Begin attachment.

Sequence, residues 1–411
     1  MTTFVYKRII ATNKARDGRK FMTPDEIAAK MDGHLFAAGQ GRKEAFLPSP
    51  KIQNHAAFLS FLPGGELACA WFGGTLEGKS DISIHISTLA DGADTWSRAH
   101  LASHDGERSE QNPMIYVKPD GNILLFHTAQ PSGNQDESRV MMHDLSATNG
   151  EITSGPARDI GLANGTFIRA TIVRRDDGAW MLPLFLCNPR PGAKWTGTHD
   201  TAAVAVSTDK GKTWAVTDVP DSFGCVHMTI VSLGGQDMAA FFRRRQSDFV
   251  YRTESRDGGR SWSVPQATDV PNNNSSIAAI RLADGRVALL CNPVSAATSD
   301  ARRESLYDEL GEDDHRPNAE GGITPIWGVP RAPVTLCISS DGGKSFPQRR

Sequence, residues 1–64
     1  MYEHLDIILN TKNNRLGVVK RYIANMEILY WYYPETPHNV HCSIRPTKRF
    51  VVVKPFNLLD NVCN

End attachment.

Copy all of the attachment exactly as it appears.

Sequence, residues 1–411
     1  MTTFVYKRII ATNKARDGRK FMTPDEIAAK MDGHLFAAGQ GRKEAFLPSP
    51  KIQNHAAFLS FLPGGELACA WFGGTLEGKS DISIHISTLA DGADTWSRAH
   101  LASHDGERSE QNPMIYVKPD GNILLFHTAQ PSGNQDESRV MMHDLSATNG
   151  EITSGPARDI GLANGTFIRA TIVRRDDGAW MLPLFLCNPR PGAKWTGTHD
   201  TAAVAVSTDK GKTWAVTDVP DSFGCVHMTI VSLGGQDMAA FFRRRQSDFV
   251  YRTESRDGGR SWSVPQATDV PNNNSSIAAI RLADGRVALL CNPVSAATSD
   301  ARRESLYDEL GEDDHRPNAE GGITPIWGVP RAPVTLCISS DGGKSFPQRR

Sequence, residues 1–64
     1  MYEHLDIILN TKNNRLGVVK RYIANMEILY WYYPETPHNV HCSIRPTKRF
    51  VVVKPFNLLD NVCN